In the course of asking how Washington Navy Yard shooter Aaron Alexis was able to obtain a shotgun legally, The Atlantic's Philip Bump writes:
Even the NRA agrees that people with mental health problems should not be able to get access to firearms.No, that's exactly right.
The NRA accepts the provision in federal law that bars ownership or purchase of a firearm by someone who "has been adjudicated as a mental defective or has been committed to any mental institution."
But that's not the same as believing that people with "mental health problems" should be denied firearms.
As a page on the NRA Institute for Legislative Action site notes,
The Bureau of Alcohol, Tobacco, Firearms and Explosives has issued regulations that define an "adjudication" as a "determination by a court, board, commission, or other lawful authority that a person is, as a result of marked subnormal intelligence, or mental illness, incompetency, condition, or disease: (1) Is a danger to himself or to others; or (2) Lacks the mental capacity to contract or manage his own affairs." This includes a finding of insanity or incompetency in a criminal case....This sounds reasonable, except it means that a person like Aaron Alexis, who said last month "that a person he had argued with at an airport in Virginia 'has sent three people to follow him and keep him awake by talking to him and sending vibrations into his body' via a microwave machine, according to a Newport, R.I., police report," would not fall into the NRA's too-unstable-for-a-gun category because wasn't deemed mentally unfit "by a court, board, commission, or other lawful authority" -- after all, the cops didn't have him involuntarily committed.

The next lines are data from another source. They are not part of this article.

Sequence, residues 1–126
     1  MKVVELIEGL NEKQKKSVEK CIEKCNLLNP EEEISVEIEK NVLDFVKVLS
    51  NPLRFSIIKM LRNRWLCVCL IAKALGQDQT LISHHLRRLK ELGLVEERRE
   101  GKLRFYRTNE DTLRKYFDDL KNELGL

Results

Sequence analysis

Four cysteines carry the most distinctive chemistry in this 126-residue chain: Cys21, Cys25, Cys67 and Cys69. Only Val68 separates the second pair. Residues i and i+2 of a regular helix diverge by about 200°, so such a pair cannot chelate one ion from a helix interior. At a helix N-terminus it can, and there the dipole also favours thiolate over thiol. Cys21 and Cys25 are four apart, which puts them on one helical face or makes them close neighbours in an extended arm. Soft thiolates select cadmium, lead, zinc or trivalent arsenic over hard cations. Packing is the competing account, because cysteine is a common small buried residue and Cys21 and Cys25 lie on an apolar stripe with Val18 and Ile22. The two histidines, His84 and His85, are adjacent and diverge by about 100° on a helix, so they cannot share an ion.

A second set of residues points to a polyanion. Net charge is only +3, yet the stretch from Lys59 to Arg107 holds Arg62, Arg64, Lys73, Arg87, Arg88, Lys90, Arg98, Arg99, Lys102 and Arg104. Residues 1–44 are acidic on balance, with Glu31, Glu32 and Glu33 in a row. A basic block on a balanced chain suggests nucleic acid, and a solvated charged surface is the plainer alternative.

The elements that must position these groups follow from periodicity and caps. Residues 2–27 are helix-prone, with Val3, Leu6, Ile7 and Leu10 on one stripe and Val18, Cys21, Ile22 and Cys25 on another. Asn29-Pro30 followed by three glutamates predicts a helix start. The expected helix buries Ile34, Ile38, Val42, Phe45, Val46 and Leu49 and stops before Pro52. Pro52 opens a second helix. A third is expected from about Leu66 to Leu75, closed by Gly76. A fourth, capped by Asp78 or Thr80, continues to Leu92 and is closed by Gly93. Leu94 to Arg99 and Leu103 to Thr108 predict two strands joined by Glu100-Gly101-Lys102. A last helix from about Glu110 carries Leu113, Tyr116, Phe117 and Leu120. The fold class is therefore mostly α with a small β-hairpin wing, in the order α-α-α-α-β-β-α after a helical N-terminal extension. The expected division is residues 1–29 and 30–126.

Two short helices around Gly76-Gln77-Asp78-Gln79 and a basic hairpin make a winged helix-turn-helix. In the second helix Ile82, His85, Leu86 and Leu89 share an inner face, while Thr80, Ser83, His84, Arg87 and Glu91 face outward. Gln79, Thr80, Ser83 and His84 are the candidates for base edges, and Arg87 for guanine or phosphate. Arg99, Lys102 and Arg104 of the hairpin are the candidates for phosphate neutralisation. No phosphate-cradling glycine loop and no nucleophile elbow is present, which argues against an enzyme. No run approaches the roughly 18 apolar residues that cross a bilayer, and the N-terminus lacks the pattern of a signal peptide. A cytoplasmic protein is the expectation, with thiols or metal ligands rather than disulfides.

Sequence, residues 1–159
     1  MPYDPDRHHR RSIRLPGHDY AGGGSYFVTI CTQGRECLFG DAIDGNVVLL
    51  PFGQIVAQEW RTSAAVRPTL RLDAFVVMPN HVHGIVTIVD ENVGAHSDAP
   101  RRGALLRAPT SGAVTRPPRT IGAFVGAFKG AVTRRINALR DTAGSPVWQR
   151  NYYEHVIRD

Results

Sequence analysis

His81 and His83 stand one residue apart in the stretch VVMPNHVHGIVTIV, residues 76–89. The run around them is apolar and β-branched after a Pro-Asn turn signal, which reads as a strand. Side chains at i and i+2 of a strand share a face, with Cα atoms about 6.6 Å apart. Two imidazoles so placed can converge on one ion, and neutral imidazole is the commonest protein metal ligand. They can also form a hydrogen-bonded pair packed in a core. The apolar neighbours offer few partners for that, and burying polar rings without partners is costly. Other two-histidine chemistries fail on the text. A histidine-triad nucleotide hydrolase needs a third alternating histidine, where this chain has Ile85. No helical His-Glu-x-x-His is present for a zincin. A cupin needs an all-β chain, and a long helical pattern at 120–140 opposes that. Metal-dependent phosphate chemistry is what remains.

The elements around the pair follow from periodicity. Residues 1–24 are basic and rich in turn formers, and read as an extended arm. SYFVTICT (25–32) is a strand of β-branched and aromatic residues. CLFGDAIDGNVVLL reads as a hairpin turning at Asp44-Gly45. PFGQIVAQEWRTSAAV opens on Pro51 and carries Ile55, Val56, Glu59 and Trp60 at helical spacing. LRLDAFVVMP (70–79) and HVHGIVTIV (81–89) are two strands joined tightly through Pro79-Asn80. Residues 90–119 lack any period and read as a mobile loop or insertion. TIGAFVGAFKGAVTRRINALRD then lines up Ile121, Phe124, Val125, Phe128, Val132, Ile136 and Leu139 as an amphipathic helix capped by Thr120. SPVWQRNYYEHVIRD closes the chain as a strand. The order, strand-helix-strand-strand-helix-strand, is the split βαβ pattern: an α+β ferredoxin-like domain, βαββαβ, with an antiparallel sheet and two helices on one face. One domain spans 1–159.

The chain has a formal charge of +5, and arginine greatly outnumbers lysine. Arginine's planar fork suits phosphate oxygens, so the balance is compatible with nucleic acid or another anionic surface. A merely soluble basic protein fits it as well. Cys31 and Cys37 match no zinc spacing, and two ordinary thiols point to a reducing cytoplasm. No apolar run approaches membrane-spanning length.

"Committed to a mental institution" is defined as a "formal commitment of a person to a mental institution by a court, board, or other lawful authority." ...
A person cannot be federally disqualified from owning a gun based simply on a psychiatrist's diagnosis, a doctor's referral, or the opinion of a law enforcement officer, let alone based on getting a drug prescription or seeking mental health treatment. Doing so would actually discourage troubled people from getting the help they need.
And it doesn't matter that Alexis reportedly has "been treated since August by the Veterans Administration for his mental problems," including paranoia, because, as the NRA piously informs us, "A person cannot be federally disqualified from owning a gun based simply on ... seeking mental health treatment. Doing so would actually discourage troubled people from getting the help they need."
You see, according to the NRA, we have to err on the side of permitting gun ownership in all but the narrowest possible circumstances, because ... freedom. So of course Aaron Alexis should have been allowed to buy a gun.